A Black production assistant claims while working for “Grey’s Anatomy” in 2021, he was racially profiled by the Los Angeles Police Department. Now the 31-year-old has filed a lawsuit against the city and individuals in the department for $20 million.
According to lawsuit documents received by Atlanta Black Star, says Ernest Simon Jr. is suing the city of Los Angeles, Police Chief Michel Moore, and other members of the force after he claims officers from the LAPD “initiated an unwarranted, unjustified, and unlawful ‘high risk’ traffic stop at his place of work — with no reasonable suspicion or probable cause,” at his place of employment.
Simon was hired as a driver for the production of “Grey’s Anatomy as an employee of The Walt Disney Company’s General Entertainment Division (‘DGE’).”
His job on March 18, 2021, the day of the incident, “entailed driving crewmembers and talent between the show’s nearby filming location and the Basecamp,” and Simon contends his civil rights were violated while he was earning a day’s wage on the set.
The 31-year-old man’s attorneys, Stephen G. Larson, Jonathan E. Phillips, and A. Alexander Lowder, filed the federal lawsuit in the U.S. District Court of the Central District of California a year later, almost to the date, on Thursday, March 17.
In addition to racially profiling Simon, the lawsuit alleges the cops made him “lie spread eagle on an asphalt lot, at gunpoint, for over 20 minutes despite being unarmed and completely cooperative.” During this detainment, he says the officers showed an “overwhelming and unjustified show of force,” and a “wanton and reckless disregard” of his constitutional rights.
Other claims within the filing on behalf of Simon include unreasonable search and seizure, assault, arrest without probable cause, excessive force, negligence, false imprisonment, and intentional infliction of emotional distress.
The lawsuit states that on the day in question DGE had rented to utilize for production an entirely fenced-in playground and parking lot located at nearby Gaspar De Portola Middle School in Tarzana, California, which the legal filing calls the base camp.
After dropping some actors off, Simon was driving a van through a four-way intersection leading to the base camp location when two LAPD officers changed their direction to follow him.
The lawsuit submits Simon was not “speeding, did not run through a red light or stop sign. Nor did he did not commit any other traffic offenses that would raise suspicion or warrant a traffic stop.”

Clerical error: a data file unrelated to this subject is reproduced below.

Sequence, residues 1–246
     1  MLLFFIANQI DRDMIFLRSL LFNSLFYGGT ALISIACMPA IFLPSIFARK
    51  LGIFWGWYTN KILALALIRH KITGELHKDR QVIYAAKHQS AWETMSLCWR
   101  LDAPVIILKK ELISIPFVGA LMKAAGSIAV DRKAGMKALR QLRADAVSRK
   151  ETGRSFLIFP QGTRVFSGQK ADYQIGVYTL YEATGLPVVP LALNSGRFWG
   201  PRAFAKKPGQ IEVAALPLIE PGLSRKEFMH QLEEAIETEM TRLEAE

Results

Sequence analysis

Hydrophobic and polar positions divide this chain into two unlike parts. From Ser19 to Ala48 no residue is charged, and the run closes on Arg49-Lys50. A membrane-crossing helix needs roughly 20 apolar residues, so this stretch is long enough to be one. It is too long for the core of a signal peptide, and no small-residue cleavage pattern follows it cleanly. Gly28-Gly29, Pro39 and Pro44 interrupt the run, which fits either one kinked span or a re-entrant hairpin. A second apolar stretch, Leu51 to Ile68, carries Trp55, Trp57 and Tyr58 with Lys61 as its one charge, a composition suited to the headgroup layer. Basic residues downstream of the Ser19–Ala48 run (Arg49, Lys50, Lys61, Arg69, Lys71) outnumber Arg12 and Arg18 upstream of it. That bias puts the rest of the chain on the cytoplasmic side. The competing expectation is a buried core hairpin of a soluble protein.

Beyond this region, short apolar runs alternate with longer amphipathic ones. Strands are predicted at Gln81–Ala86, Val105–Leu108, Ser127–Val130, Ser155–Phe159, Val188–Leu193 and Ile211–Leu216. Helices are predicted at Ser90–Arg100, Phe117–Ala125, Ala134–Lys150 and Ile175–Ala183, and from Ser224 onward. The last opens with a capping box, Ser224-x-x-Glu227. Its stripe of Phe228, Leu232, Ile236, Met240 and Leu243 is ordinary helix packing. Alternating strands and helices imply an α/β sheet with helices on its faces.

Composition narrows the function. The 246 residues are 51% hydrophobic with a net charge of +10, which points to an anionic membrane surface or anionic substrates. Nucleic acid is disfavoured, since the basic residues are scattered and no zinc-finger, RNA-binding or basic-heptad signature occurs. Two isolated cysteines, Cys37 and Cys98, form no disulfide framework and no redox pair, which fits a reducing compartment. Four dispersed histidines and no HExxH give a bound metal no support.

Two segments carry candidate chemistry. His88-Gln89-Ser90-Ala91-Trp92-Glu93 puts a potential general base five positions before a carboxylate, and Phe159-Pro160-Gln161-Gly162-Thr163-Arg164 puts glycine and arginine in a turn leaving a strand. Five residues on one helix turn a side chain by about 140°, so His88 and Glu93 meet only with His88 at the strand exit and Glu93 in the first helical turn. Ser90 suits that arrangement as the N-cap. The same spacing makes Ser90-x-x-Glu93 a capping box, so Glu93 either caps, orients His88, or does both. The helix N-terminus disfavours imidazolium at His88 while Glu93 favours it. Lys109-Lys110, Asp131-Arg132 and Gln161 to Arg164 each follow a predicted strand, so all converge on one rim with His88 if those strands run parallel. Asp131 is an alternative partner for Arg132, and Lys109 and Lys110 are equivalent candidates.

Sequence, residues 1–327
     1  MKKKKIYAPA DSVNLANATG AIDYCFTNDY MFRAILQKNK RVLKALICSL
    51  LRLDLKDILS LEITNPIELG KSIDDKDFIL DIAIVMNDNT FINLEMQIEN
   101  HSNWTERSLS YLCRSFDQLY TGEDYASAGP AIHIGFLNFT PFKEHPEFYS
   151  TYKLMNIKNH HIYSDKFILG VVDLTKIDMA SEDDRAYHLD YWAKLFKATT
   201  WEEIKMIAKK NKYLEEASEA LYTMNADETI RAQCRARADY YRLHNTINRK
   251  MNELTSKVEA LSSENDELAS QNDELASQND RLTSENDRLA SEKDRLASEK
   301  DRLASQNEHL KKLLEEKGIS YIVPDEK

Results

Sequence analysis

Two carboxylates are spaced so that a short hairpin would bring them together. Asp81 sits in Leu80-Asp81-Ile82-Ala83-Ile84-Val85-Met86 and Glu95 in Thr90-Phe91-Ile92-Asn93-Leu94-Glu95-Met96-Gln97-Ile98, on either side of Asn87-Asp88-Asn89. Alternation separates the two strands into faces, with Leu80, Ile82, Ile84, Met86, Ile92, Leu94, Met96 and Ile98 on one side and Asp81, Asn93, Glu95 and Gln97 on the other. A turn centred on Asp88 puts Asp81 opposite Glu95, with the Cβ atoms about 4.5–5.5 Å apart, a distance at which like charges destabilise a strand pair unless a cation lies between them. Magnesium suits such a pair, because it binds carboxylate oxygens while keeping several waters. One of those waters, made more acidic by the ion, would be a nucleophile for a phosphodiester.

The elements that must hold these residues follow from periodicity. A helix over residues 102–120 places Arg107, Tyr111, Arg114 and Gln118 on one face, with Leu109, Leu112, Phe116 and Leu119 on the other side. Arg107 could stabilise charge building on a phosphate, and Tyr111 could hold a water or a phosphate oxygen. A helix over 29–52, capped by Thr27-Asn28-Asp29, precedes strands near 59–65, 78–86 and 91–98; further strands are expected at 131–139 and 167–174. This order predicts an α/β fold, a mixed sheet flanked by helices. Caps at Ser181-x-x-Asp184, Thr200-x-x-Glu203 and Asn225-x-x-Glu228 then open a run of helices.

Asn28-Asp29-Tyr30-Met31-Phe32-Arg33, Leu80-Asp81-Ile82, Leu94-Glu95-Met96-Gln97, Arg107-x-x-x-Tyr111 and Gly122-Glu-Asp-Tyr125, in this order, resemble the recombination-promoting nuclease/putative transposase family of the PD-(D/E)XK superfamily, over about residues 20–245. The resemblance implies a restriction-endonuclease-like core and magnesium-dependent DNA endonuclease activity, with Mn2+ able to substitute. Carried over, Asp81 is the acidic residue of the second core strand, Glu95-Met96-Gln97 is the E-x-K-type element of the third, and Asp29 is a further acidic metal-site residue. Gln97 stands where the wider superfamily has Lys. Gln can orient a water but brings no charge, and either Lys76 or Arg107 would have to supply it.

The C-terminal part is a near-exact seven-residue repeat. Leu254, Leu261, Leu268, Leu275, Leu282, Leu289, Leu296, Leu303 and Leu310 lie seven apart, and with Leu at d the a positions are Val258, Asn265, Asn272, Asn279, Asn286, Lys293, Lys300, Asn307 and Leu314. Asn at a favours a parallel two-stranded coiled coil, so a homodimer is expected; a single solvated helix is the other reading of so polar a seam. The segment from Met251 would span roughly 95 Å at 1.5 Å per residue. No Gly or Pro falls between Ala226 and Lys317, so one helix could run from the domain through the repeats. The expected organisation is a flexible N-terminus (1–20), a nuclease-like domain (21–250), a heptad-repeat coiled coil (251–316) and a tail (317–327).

Still, officers began following him.
“According to the LAPD, while following Mr. Simon’s black Ford Transit van, the automated license plate reader (“ALPR”) affixed to Doe Officer 1 and Doe Officer 2’s squad car erroneously alerted them that the van’s license plate matched a BMW sedan that had been reported stolen,” the filing details. “On information and belief, Doe Officer 1 and Doe Officer 2 made no efforts to verify the ALPR system’s reading.”
Even after pulling into the work site, an area at the time “being used for a film or television production” and seeing “signs indicating as such, numerous crewmembers, security, and production vehicles, including other black Ford Transit vans identical to the one being driven by Mr. Simon,” the officers ignored the fact Simon was not in a BMW sedan — the car reported stolen.
A security guard hired by Disney on set attempted to verify Simon as an “authorized crew member” to the officers but to no avail. Likewise, the police did not believe another Black co-worker of Simon. It was not until a white co-worker vouched for Simon that the officers relented, his lawyers claim.
“The Doe Officer Defendants continued to treat Mr. Simon in an overly hostile and extraordinarily dangerous manner despite pleas from several [Disney General Entertainment Content] crewmembers that Mr. Simon was an employee, that the van had been rented by DGE, and that Mr. Simon and the van were where they were supposed to be,” reads the complaint.
“Instead of heeding those pleas, Doe Officer Defendants yelled at the crewmembers to ‘get out of the line of fire,’ which only increased Mr. Simon’s legitimate fear for his life as he lay surrounded by at least eight LAPD officers pointing their guns in his direction.”
The 34-page document states that two factors played out in this case: race and training.
It is first noted that the show was being filmed in Tarzana, California, a San Fernando Valley neighborhood within the City of Los Angeles’s borders. It quotes the Los Angeles Times, saying the community has a population of 70.7 percent white and a 3.6 percent African-American. Simon believes the officers were shocked to see a Black man driving in the area, which made them suspect him of criminality.
The second issue Simon’s lawyers lifted was the department’s failure to adopt and implement training suggestions from the California State Auditor, after the office published its audit report entitled, “Automated License Plate Readers: To Better Protect Individuals’ Privacy, Law Enforcement Must Increase Its Safeguards Over the Data It Collects.”
In the report, the state auditor found “Los Angeles is the only one of four agencies … audited that did not have the ALPR policy state law requires.” It also found “Los Angeles was the most lax in its approach to authorizing [ALPR] user accounts,” and that “Los Angeles has not required training before users can access the ALPR system.” The lawyers contend had the training been implemented, Simon might not have been violated.
According to The Hollywood Reporter, the “Grey’s Anatomy” show creator Shonda Rhimes is standing with the production assistant. In a statement, she said, “What happened to Mr. Simon was beyond unacceptable. It was another example of a broken system that puts valuable lives in danger and damages spirits. Shondaland stands with Mr. Simon and his family in this complaint.”
LAPD has not responded to the lawsuit.